In this study, our findings suggest a unique role of the RNF208 E3 ligase as a novel negative regulator of soluble Vimentin, thereby inhibiting metastasis of TNBC. In addition to the overexpression of RNF208 in luminal subtype breast cancers, our results indicated that RNF208 serves as an estrogen-inducible protein that plays a role in blocking the aggressiveness of breast cancers. Furthermore, we demonstrated a mechanism by which RNF208 decreased the stability of soluble Vimentin via K27-linked polyubiquitin-mediated proteasomal degradation by recognizing phosphorylated Vimentin at Ser39, eventually attenuating TNBC progression (Supplementary Fig. 12).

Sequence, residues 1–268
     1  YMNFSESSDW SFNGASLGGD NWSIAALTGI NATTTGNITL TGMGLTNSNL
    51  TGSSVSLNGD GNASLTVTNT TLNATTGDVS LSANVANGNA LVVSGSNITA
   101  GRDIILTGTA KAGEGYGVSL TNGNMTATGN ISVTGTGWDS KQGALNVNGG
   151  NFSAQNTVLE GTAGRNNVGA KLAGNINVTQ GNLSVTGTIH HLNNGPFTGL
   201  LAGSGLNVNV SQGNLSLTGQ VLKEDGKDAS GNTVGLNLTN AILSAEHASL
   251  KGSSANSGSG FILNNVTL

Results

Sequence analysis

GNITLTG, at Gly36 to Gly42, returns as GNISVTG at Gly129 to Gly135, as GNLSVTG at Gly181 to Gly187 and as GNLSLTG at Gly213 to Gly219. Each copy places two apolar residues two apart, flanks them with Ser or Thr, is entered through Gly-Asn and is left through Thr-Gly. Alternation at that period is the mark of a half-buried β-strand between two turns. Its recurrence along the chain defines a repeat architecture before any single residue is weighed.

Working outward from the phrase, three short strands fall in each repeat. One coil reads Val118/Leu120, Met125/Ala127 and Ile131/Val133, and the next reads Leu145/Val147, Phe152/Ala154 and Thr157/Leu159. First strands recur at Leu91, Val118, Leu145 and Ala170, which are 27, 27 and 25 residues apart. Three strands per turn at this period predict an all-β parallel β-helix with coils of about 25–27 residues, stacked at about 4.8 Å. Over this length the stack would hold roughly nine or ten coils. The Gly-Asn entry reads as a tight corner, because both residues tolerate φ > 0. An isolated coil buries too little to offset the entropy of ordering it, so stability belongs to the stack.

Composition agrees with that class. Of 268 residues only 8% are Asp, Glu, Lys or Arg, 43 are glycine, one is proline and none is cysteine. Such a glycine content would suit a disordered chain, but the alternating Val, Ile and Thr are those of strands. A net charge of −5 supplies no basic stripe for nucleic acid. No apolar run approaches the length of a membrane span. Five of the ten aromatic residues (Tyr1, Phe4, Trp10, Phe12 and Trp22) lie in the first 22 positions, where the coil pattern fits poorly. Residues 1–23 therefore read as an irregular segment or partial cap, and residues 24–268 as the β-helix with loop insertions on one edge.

Considering that ERα is a transcription factor that regulates gene expression in mammary gland development and that its dysregulation is closely associated with breast cancer progression, ERα-dependent target molecules may be associated with aggressive breast cancer progression, and their relationship remains to be elucidated. In this study, based on gene expression profiles and immunohistochemistry analyses of breast cancer specimens, we showed that RNF208 was specifically underexpressed in human TNBC cells and in primary TNBC tissues compared to luminal subtype tissues; reduced expression of RNF208 resulted in the decreased recurrence-free survival of breast cancer patients, suggesting that aberrant expression of RNF208 was strongly associated with poor clinical outcomes. Furthermore, public microarray datasets revealed a significant correlation of RNF208 expression with expression status of ERα in human breast cancers. Thus, our findings strongly suggest that RNF208 expression may be a significant prognostic marker to predict breast cancer progression, depending on ERα expression status.